The authors declare that they have no competing interests.
Ethics approval and consent to participate
The study was approved by the local ethical committee (Ethikkommission der Universität zu Lübeck, AZ: 07-146 and amendment 4 to this study). Written consent was obtained preoperatively.
Open AccessThis article is distributed under the terms of the Creative Commons Attribution 4.0 International License (http://creativecommons.org/licenses/by/4.0/), which permits unrestricted use, distribution, and reproduction in any medium, provided you give appropriate credit to the original author(s) and the source, provide a link to the Creative Commons license, and indicate if changes were made. The Creative Commons Public Domain Dedication waiver (http://creativecommons.org/publicdomain/zero/1.0/) applies to the data made available in this article, unless otherwise stated.
- Stafford-Smith M, Patel UD, Phillips-Bute BG, Shaw AD, Swaminathan M. Acute kidney injury and chronic kidney disease after cardiac surgery. Adv Chronic Kidney Dis. 2008;15:257–77.View ArticlePubMedGoogle Scholar
- Heringlake M, Knappe M, Vargas Hein O, Lufft H, Kindgen-Milles D, Böttiger BW, Weigand MR, Klaus S, Schirmer U. Renal dysfunction according to the ADQI-RIFLE system and clinical practice patterns after cardiac surgery in Germany. Minerva Anestesiol. 2006;72:645–54.PubMedGoogle Scholar
- Pistolesi V, Di Napoli A, Fiaccadori E, Zeppilli L, Sacco MI, Regolisti G, Tritapepe L, Pierucci A, Morabito S. Severe acute kidney injury following cardiac surgery: short-term outcomes in patients undergoing continuous renal replacement therapy (CRRT). J Nephrol. 2016;29:229–39.View ArticlePubMedGoogle Scholar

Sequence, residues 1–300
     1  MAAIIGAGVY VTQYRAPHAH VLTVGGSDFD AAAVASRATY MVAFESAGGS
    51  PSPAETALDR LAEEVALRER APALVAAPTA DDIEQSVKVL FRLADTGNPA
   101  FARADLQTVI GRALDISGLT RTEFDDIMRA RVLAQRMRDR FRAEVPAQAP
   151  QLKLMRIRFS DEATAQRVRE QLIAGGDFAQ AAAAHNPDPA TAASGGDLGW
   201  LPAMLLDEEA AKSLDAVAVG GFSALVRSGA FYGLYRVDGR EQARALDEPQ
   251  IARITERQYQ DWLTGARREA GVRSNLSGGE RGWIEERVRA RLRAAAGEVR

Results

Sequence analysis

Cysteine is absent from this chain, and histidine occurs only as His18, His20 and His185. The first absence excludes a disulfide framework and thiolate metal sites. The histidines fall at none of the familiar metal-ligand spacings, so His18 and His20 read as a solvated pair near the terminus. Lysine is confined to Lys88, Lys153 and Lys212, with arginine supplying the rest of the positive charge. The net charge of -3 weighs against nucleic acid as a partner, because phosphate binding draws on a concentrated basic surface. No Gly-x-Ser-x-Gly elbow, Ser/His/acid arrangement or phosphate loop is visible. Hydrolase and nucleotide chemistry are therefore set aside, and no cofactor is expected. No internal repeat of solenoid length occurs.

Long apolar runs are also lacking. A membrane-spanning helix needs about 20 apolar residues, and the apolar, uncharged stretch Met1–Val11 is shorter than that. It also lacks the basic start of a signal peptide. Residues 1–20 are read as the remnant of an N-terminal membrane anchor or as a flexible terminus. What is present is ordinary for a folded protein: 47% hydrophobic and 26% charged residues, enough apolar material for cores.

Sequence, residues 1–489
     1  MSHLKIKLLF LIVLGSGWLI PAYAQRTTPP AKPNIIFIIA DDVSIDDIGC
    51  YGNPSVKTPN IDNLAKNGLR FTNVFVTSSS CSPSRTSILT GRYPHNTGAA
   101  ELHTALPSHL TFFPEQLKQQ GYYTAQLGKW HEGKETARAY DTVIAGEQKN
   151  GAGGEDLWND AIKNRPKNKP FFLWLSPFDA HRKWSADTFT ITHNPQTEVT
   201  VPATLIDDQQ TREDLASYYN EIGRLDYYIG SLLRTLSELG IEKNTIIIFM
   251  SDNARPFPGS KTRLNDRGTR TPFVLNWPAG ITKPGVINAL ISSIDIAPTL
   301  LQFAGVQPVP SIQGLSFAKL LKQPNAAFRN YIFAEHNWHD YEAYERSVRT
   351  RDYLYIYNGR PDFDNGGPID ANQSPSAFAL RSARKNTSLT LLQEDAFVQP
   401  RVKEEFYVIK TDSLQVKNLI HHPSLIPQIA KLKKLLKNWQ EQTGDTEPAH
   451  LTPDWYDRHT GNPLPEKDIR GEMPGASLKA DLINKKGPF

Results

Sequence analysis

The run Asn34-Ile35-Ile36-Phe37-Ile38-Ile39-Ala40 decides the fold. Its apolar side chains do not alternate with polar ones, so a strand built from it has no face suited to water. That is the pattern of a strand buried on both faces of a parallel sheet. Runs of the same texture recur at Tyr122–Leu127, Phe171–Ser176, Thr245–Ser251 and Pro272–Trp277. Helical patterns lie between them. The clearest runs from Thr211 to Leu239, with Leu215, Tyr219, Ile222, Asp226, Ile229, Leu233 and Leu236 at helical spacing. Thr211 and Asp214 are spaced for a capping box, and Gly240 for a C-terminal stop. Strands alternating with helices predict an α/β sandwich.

- Schetz M, Bove T, Morelli A, Mankad S, Ronco C, Kellum JA. Prevention of cardiac surgery-associated acute kidney injury. Int J Artif Organs. 2008;31:179–89.PubMedGoogle Scholar
- Bellomo R, Auriemma S, Fabbri A, D'Onofrio A, Katz N, McCullough PA, Ricci Z, Shaw A, Ronco C. The pathophysiology of cardiac surgery-associated acute kidney injury (CSA-AKI). Int J Artif Organs. 2008;31:166–78.PubMedGoogle Scholar
- Heringlake M, Nowak Y, Schön J, Trautmann J, Berggreen AE, Charitos EI, Paarmann H. Postoperative intubation time is associated with acute kidney injury in cardiac surgical patients. Crit Care. 2014;18:547.View ArticlePubMedPubMed CentralGoogle Scholar
- Kim WH, Lee JH, Kim E, Kim G, Kim HJ, Lim HW. Can we really predict postoperative acute kidney injury after aortic surgery? Diagnostic accuracy of risk scores using gray zone approach. Thorac Cardiovasc Surg. 2015;64(4):281–9.View ArticlePubMedGoogle Scholar
- Kahli A, Guenancia C, Zeller M, Grosjean S, Stamboul K, Rochette L, Girard C, Vergely C. Growth differentiation factor-15 (GDF-15) levels are associated with cardiac and renal injury in patients undergoing coronary artery bypass grafting with cardiopulmonary bypass. PLoS One. 2014;9, e105759.View ArticlePubMedPubMed CentralGoogle Scholar
- Guenancia C, Kahli A, Laurent G, Hachet O, Malapert G, Grosjean S, Girard C, Vergely C, Bouchot O. Pre-operative growth differentiation factor 15 as a novel biomarker of acute kidney injury after cardiac bypass surgery. Int J Cardiol. 2015;197:66–71.View ArticlePubMedGoogle Scholar
- Heringlake M, Charitos EI, Gatz N, Käbler JH, Beilharz A, Holz D, Schön J, Paarmann H, Petersen M, Hanke T. Growth differentiation factor 15: A novel risk marker adjunct to the Euroscore for risk stratification in cardiac surgery patients. J Am Coll Cardiol. 2013;61:672–81.View ArticlePubMedGoogle Scholar